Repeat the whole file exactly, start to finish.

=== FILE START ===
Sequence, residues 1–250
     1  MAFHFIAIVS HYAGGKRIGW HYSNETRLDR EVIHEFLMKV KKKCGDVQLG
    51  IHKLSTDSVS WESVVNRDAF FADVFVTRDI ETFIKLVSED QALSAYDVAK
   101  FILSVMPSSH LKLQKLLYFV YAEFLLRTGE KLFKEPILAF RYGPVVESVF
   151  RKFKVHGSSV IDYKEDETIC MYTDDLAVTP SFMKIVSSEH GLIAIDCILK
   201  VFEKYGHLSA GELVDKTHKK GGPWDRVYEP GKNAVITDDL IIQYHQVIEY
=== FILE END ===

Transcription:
Sequence, residues 1–250
     1  MAFHFIAIVS HYAGGKRIGW HYSNETRLDR EVIHEFLMKV KKKCGDVQLG
    51  IHKLSTDSVS WESVVNRDAF FADVFVTRDI ETFIKLVSED QALSAYDVAK
   101  FILSVMPSSH LKLQKLLYFV YAEFLLRTGE KLFKEPILAF RYGPVVESVF
   151  RKFKVHGSSV IDYKEDETIC MYTDDLAVTP SFMKIVSSEH GLIAIDCILK
   201  VFEKYGHLSA GELVDKTHKK GGPWDRVYEP GKNAVITDDL IIQYHQVIEY